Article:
“Pure life” might as well be emblazoned on the Costa Rican flag as the national motto, for that expression sums up the aura of relaxed, unforced fun of any vacation there.
But when it comes to spending even just a few days at the Villa Manzu, it might be advised to amend the slogan to read a “pure and rich life” — as so much luxury abounds at the 3-year-old, assiduously private villa perched high above the glistening Pacific Ocean.
How appropriate that the word “manzu” means “friend” in the indigenous Chorotega Indian dialect of this northwestern region of Costa Rica. “Friend” as in someone who treats me with such all-enveloping warmth and courtesy that the entire vacation begins even before I’ve opened the door to my glorious suite.
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Villa Manzu’s embrace begins from the moment I land at Liberia International Airport, where I meet the first of several of the villa’s hosts — Chris Celiceo, a co-manager along with his wife, Jenifer Cowles.
While at the wheel of his SUV, Chris reminds me that Villa Manzu is located in the cowboy province of Guanacaste. Situated at sea level, though some volcanoes etch the horizon, this land is honeycombed with endless cattle ranches, and sugar cane, rice, mango, and melon fields.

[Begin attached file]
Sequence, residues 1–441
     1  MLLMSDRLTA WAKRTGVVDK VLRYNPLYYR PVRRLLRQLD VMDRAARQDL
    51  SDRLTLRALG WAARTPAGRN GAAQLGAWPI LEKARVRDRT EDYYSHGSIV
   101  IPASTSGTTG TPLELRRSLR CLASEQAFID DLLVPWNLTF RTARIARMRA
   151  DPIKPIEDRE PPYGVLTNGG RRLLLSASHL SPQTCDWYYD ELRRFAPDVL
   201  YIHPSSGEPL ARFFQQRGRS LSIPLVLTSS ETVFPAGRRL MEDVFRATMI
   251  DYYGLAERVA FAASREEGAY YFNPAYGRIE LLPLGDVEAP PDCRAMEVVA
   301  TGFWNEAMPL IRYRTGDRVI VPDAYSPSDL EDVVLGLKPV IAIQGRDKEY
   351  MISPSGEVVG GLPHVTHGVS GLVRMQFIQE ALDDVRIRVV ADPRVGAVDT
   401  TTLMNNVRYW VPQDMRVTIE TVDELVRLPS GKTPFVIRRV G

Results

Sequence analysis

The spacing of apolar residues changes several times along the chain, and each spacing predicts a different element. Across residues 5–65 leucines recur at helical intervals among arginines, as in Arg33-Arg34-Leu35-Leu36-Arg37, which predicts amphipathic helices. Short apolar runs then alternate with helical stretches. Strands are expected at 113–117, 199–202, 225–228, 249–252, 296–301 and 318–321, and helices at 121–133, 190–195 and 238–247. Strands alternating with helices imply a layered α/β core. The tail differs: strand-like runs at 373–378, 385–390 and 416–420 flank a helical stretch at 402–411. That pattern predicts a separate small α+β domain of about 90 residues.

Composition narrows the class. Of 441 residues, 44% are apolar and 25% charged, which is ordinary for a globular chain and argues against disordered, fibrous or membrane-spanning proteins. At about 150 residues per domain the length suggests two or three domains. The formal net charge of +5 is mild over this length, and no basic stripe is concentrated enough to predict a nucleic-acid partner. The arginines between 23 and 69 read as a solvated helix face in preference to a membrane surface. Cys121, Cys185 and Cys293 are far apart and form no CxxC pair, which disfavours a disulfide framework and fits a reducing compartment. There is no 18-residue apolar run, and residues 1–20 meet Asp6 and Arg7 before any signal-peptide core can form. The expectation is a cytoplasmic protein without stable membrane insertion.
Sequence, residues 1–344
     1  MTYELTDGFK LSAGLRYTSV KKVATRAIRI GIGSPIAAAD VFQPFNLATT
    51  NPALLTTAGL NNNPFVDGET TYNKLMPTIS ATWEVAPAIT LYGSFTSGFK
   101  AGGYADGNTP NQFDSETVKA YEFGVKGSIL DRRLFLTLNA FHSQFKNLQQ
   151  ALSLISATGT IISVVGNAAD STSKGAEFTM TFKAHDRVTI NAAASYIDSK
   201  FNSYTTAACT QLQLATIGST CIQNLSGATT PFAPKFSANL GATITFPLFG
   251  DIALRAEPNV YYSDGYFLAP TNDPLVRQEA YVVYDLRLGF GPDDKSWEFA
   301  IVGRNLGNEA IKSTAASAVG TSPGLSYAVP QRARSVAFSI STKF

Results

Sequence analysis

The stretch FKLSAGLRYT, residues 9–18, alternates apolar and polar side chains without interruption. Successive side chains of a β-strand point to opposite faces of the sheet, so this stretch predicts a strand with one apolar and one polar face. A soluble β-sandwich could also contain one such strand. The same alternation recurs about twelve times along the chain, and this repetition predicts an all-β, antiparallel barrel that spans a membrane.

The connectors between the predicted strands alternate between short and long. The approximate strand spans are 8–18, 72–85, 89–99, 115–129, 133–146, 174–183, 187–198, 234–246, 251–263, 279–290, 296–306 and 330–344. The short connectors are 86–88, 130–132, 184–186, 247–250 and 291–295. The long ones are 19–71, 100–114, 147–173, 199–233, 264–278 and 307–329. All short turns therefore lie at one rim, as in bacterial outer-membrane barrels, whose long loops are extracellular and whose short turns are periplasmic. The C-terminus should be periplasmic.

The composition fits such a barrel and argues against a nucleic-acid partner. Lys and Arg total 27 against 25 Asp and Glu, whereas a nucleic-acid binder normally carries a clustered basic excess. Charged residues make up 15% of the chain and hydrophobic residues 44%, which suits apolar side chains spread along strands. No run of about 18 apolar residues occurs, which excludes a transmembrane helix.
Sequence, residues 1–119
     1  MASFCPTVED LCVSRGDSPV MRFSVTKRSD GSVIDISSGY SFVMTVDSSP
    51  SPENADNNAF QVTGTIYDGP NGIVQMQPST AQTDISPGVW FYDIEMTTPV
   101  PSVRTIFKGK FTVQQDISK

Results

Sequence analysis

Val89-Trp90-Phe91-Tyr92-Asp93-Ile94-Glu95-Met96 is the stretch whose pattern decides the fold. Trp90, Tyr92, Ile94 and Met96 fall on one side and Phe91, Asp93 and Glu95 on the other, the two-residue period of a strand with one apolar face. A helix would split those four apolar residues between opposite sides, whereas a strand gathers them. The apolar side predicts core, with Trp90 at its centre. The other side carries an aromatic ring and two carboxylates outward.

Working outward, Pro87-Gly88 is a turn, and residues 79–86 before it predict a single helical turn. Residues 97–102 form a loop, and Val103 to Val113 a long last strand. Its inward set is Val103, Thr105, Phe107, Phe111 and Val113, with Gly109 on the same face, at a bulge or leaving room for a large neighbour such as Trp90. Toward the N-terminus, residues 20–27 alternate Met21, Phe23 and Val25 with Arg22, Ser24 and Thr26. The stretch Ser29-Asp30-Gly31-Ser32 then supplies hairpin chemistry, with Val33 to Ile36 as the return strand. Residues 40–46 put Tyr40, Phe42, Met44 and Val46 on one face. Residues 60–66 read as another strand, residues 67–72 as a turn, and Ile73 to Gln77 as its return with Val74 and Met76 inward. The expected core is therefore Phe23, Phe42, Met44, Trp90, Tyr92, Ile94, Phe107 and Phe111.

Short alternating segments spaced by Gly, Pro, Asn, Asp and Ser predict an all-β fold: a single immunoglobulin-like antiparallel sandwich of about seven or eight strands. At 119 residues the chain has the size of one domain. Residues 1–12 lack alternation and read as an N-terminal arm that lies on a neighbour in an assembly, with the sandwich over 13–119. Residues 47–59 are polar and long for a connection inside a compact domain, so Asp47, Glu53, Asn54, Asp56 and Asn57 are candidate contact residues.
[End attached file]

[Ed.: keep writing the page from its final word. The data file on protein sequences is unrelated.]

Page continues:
The Costa Rican tourism season operates yearlong, with the country still famous for its dozen microclimates and its tropical forests — from dry to rain to cloud. Villa Manzu sits where the dry tropical forest predominates, producing a climate akin to Baja in summer and Hawaii during the green season.
Upon arriving at Villa Manzu, I’m immediately struck by its location, perched overlooking the indentations of the Papagayo peninsula. Measuring more than 30,000 square feet, the villa sits on five acres of raw and finely manicured land.
I’m not two steps inside the villa’s first sun-filled living space when I’m greeted by a welcome cocktail of coconut water, served in a fresh-off-the-tree shell.
Villa Manzu offers eight suites, allowing for a full guest capacity of 22. With 18 core staff, the ratio of staff-to-guest is almost 1-to-1.
It is clear from my first tour of the villa that it has put the “custom” back in custom-made. Designed by Costa Rican architect Abraham Valenzuela, with all its specific interior touches by Houston-based designer Lynn Yellen, Villa Manzu is out to create a clean-lined, serene sanctuary.
Unique touches abound, from the free-flowing, lightly beaded chandeliers found in some of the bathrooms, to the use of coralina, an Italian-mined material with a marblelike sheen, as much of the villa’s interior stone.
Villa Manzu is replete with one-of-a-kind decorative pieces, purchased during designer trips to Africa, Indonesia, India, Malaysia and Thailand. My casita features a sculpture from a cast of a whale vertebra. My ceiling is formed from inlaid sugar cane — a typical Costa Rican touch.
Nothing awakens me from my travel stupor like a dip in one of the villa’s two saltwater infinity pools. The pool extends toward the hilly mini-islands dotting the surrounding peninsula.